[update] “Does a church’s size indicate anything about its spirituality or success?” (excerpt from “What People Ask About The Church” by Dale A. Robbins)

But there is a danger in using largeness as a standard to measure success. Size does not depend as much on spirituality as it may many other factors. … Most large churches claim that their size is a result of the ability to satisfactorily “minister” to the needs of a broad range of people. … While it is true that there are more large churches today than there were in the past, they still only make up a tiny percentage of the body of Christ… 90 percent of American churches have an attendance of somewhere below 200. The majority of churches, 55 percent, have an attendance of somewhere less than 100… only about 1 percent ever attain attendances of more than 700.

[photo credit]

Jul 102010

Print still has a place in this online digital world. Handout postcards. Flyers. Brochures. Commonly handed out to make an announcement. Spread the word. Give a discount.

Kingdom Come is a worship revival gathering in downtown Los Angeles tomorrow 6pm, Sunday night, July 11th, 2010, at Club Tatou. Free admission. Food will be provided. Contact = [email protected]

No website on the postcard. Jaeson Ma blogged about it and there’s a Facebook event. There’s 3 videos on YouTube about “Why KC3?” from Jaeson Ma, worship leader Caleb, and Stephen Brown.

Print hasn’t died (yet?).

Jul 052010

One topic is often unspoken, as if taboo, particularly in the world of leaders and influencers. Yet, I think it’s fair to say that it’s a part of our common human condition to have negative thoughts along with positive ones. It doesn’t seem quite right when someone is able to be optimistic and positive 100% of the time. Can you relate?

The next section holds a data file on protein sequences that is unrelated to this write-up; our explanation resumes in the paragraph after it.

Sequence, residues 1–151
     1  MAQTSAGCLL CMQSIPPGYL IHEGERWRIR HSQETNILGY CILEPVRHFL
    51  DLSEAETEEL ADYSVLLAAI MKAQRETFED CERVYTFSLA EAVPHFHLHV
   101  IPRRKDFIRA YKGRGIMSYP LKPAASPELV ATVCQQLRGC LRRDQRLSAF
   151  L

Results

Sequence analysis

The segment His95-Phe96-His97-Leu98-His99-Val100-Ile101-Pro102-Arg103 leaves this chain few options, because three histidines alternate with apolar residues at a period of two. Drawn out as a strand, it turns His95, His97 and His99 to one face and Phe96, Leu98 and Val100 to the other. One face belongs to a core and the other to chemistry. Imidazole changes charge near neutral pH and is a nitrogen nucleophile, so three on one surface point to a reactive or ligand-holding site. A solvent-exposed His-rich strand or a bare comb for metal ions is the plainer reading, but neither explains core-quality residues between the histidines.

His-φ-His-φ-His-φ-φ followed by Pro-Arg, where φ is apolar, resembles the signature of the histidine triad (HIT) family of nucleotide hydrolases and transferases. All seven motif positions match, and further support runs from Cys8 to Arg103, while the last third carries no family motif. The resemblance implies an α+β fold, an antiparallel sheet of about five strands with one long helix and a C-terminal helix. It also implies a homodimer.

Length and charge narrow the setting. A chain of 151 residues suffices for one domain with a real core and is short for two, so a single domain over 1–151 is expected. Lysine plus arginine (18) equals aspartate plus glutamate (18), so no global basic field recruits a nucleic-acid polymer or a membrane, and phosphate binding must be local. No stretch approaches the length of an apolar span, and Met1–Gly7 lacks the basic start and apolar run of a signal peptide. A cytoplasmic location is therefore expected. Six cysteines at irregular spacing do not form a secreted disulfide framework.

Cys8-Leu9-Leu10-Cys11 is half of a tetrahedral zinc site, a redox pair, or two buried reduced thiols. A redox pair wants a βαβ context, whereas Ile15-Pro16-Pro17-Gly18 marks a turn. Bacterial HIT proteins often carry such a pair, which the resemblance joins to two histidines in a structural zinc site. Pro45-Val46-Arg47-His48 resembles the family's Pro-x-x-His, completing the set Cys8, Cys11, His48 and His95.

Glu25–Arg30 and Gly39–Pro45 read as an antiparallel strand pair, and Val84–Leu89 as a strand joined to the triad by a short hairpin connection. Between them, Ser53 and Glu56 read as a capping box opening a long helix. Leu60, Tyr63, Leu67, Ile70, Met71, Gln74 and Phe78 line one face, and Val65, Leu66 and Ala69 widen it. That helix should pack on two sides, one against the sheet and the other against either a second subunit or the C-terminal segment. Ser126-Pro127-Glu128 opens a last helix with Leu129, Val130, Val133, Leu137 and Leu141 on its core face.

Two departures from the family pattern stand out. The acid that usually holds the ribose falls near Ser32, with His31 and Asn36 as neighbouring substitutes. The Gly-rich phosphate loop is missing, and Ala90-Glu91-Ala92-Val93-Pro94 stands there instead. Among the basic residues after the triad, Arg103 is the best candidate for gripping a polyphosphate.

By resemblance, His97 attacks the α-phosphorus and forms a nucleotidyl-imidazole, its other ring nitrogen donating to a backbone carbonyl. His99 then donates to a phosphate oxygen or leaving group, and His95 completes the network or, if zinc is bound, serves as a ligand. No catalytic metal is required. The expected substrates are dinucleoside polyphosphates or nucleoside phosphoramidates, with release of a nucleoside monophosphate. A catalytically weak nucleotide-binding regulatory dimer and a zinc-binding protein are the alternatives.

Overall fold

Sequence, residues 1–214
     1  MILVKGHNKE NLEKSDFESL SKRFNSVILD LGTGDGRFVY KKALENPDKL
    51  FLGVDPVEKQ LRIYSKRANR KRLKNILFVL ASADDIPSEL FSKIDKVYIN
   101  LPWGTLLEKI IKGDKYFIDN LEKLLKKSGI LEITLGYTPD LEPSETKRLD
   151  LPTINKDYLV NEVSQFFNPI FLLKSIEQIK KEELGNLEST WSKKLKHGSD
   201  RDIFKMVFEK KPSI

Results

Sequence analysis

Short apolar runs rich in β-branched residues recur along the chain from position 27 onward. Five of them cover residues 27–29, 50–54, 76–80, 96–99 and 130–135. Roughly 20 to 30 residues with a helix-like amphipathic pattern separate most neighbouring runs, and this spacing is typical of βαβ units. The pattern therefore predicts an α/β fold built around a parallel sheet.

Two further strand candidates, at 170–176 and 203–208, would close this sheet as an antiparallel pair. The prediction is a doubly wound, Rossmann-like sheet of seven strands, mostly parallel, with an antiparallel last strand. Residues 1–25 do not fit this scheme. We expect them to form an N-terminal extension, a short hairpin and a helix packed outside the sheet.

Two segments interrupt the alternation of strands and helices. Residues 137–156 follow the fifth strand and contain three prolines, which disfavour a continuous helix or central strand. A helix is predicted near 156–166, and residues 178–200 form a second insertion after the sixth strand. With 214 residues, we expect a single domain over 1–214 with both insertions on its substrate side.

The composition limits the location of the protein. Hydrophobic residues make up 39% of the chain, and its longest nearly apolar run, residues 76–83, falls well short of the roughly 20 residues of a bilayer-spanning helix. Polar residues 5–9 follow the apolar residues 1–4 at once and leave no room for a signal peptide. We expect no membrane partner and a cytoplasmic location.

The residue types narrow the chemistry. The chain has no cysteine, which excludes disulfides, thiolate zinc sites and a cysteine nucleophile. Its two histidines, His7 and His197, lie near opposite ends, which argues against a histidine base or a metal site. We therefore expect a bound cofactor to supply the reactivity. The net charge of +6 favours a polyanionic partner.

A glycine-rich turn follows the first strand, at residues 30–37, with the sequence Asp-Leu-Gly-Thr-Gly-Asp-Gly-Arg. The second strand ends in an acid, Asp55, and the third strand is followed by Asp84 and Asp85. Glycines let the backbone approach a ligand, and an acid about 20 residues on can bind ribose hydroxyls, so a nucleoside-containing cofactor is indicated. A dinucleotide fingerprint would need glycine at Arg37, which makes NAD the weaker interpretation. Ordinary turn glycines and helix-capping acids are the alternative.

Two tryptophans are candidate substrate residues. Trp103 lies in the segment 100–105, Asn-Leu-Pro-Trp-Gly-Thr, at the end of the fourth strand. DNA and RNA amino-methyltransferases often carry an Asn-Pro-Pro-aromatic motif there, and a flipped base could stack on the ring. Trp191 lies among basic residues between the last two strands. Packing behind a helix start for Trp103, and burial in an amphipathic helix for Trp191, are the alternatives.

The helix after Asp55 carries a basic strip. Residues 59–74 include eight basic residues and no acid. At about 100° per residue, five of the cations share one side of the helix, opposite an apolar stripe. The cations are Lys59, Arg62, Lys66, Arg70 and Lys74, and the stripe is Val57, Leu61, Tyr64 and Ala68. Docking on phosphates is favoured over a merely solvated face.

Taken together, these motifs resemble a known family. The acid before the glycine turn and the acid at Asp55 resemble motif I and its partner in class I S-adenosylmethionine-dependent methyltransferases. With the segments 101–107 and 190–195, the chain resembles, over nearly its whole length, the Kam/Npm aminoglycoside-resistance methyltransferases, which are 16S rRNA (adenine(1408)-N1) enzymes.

And it’s normal to have occasional thoughts and feelings in the realm of sadness, anger, frustration, doubt, anxiety, worry, struggle, loss, fear, shame, guilt, weakness, frailty, what have you. I’ll admit that it’s part of my life experience. While there are many self-help strategies and tactics, or positive-thinking motivational speeches and/or sermons, to battle the dark thoughts, those techniques may rely too much on our own efforts and strength. I’m not that strong to get through life on my own. It’s okay to ask for help and get help. As I reflect on this, I thought of 4 things you can do when dark thoughts come:

  • 1. Replace. One very common tactic is to replace the negative thought with a positive thought. Gratitude is particularly powerful. Hope and remembrance can be powerful replacers too.
  • 2. Release. Dark thoughts need a place to go. Some of them don’t just go away by self-effort or re-focusing. I’ve found it incredibly valuable to be with someone safe to process out loud the pain and confusion. It’s not quite safe to release dark thoughts into the open internet for all to see, which I liken to injecting poison or spreading a virus onto others. Not helpful. Sometimes talk therapy with a professional counselor provides that release so good for our soul.
  • 3. Rx. And for some, mental and emotional health can be facilitated through prescription medication, just as vitamins and/or drugs can bring health for other conditions that affect our imperfections.
  • 4. Renew. And not to preclude the supernatural, a miraculous healing can transform a person like nothing else. While not every single person who wants healing gets healing, some do.

if you really knew me

So as I reflected and simmered this topic on the back burner, something came across my radar.This new MTV show caught my attention as being particularly poignant and powerful — called “If you really knew me.” The premise of the documentary-style drama series is that each episode will follow 5 students during a one-day program, “Challenge Day.” These 5 students will get honest with each other– get past the labels and cliques, and share with each other the illuminating yet sometimes difficult truths about their lives. A press release describes “Challenge Day’s vision is that every child lives in a world where they feel safe, loved and celebrated.”

Wow! Could you imagine a place like that? Where a person, young and old, can feel safe, loved, and celebrated? What would happen if a church could be a safe and honest place like that?

How do you get help when dark thoughts make an unwelcomed visit? What else would you add about this?

[photo credit: enpenumbra]